UK Wage Growth Remains Robust, Dampening Hopes for Interest Rate Cut

UK Wage Growth Remains Robust, Dampening Hopes for Interest Rate Cut

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Wage growth in the UK has remained strong in the three months to April, maintaining pressure on inflation and delaying hopes for an interest rate cut.

Official figures from the Office for National Statistics (ONS) showed nominal weekly earnings, excluding bonuses, rose by 6% from February to April, consistent with the previous period and slightly below the 6.1% forecast. Weekly earnings including bonuses held firm at 5.9%, above the 5.7% expected by economists.

The robust wage growth follows the 10% increase in the national living wage for workers over 21 to £11.44 from 1 April. This marks the first time in nearly a year that the headline earnings figure has not fallen.

The unemployment rate for the same period increased from 4.3% to 4.4%, the highest since September 2021 and above forecasts of no change. This estimate is provisional due to lower response rates to the ONS workforce survey.

The strong wage growth figures are likely to delay the UK’s first interest rate cut since 2020, with financial markets now anticipating a reduction from 5.25% to 5% in September. Investors are expecting only two or three rate cuts this year, down from seven estimated at the start of 2024.

The Bank of England’s Monetary Policy Committee (MPC) is set to make its latest decision next Thursday, its last before the 4 July general election. It is widely expected to keep interest rates unchanged for the tenth consecutive month. Rob Wood, chief UK economist at Pantheon Macroeconomics, noted that cutting rates with wage growth close to 6% would be unusual, suggesting that the MPC may wait until September to cut rates.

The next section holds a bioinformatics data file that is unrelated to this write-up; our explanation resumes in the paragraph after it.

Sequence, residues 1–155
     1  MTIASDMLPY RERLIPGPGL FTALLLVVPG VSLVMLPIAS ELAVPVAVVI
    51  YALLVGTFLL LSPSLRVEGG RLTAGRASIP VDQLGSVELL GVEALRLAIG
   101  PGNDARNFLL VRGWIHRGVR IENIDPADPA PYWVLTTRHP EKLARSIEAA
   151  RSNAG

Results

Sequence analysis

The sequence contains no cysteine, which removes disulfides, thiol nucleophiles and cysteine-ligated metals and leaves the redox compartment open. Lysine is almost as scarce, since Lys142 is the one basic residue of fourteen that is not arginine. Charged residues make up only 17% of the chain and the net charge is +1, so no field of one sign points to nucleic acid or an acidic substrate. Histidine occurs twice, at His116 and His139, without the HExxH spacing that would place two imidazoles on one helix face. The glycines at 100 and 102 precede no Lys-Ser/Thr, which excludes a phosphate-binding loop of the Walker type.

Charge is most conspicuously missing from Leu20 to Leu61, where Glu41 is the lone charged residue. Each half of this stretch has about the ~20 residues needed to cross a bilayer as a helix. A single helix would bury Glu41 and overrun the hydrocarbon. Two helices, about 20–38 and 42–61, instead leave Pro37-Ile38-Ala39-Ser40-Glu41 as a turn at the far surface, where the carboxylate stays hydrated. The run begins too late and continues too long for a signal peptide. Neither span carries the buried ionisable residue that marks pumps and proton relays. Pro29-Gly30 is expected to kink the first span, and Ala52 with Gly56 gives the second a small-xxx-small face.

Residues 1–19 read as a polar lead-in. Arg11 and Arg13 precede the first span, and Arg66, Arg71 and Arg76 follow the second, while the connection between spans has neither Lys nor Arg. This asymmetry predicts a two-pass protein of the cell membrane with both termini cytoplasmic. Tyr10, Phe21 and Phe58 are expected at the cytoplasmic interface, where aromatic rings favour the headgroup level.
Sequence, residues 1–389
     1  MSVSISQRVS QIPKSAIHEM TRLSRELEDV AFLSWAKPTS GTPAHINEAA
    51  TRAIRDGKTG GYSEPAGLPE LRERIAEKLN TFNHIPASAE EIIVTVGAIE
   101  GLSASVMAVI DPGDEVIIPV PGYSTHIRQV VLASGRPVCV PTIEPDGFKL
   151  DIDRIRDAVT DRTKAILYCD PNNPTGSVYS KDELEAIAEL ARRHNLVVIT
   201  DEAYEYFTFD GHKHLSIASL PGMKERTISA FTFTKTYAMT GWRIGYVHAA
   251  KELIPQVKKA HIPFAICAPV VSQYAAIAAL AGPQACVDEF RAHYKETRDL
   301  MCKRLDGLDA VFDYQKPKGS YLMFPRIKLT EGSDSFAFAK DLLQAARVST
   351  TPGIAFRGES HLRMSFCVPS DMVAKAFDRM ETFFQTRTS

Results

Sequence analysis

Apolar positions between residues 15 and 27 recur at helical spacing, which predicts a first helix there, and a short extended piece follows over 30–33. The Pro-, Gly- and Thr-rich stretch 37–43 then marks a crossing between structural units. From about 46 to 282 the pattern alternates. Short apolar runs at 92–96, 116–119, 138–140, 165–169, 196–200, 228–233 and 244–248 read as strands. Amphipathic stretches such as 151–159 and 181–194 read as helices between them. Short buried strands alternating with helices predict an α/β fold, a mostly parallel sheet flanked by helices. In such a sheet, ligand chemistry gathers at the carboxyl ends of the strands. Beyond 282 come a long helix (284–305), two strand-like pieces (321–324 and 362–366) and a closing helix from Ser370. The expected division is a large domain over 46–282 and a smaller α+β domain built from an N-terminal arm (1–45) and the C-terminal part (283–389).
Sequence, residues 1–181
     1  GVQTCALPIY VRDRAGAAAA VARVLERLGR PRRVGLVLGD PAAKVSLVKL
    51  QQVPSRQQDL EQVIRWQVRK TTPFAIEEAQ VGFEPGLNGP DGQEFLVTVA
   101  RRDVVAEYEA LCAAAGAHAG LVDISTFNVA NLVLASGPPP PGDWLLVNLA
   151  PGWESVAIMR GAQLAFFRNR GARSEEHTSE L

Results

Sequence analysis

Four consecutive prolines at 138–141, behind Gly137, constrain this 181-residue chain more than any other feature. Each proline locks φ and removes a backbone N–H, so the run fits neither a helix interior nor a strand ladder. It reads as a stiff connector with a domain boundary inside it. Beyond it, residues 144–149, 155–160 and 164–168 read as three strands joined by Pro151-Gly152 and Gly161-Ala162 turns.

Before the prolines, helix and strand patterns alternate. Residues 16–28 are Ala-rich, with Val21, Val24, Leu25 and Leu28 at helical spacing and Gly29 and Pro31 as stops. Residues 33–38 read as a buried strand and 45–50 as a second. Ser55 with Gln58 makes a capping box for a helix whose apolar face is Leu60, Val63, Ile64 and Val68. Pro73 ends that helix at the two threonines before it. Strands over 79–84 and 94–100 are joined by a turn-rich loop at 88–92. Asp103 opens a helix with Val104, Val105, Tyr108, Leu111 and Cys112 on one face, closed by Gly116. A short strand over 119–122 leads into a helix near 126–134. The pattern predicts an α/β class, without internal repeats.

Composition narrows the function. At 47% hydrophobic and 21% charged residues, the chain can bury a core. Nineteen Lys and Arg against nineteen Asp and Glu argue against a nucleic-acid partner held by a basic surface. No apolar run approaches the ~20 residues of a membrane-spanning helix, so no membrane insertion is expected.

Despite the robust earnings figures, other labour market indicators show signs of slowing. The number of vacancies decreased by 12,000 to 904,000, continuing nearly two years of declines. The overall employment rate fell to 74.3%, a three-year low, and monthly payroll growth declined in April and May. The economic inactivity rate rose to 22.3%, the highest since 2015, adding pressure to keep people in work. Benefit claimants increased by 50,400 between March and April, the largest monthly rise since the pandemic.

Economists at Capital Economics predict that the MPC will vote for a rate cut in August, provided other indicators such as pay settlements and next week’s inflation data show progress. Forecasters expect headline consumer price inflation to have dropped from 2.3% to 2% in May, hitting the Bank’s target for the first time since 2021. However, inflation is expected to rise above 2% for most of the year after May.

Separate surveys, including the Bank’s decision-makers’ panel, indicate that companies are reducing their wage bill forecasts for the coming year to about 4%. Economists believe earnings growth needs to drop to 2-3% for inflation to decline and stay at the Bank’s 2% target.

The Resolution Foundation, a think-tank, highlighted that the next government will need to address a slowing labour market and falling employment rather than high price growth. Principal economist Nye Cominetti noted that average earnings remain more than £14,000 a year below their pre-financial crisis path after 16 years of wage stagnation.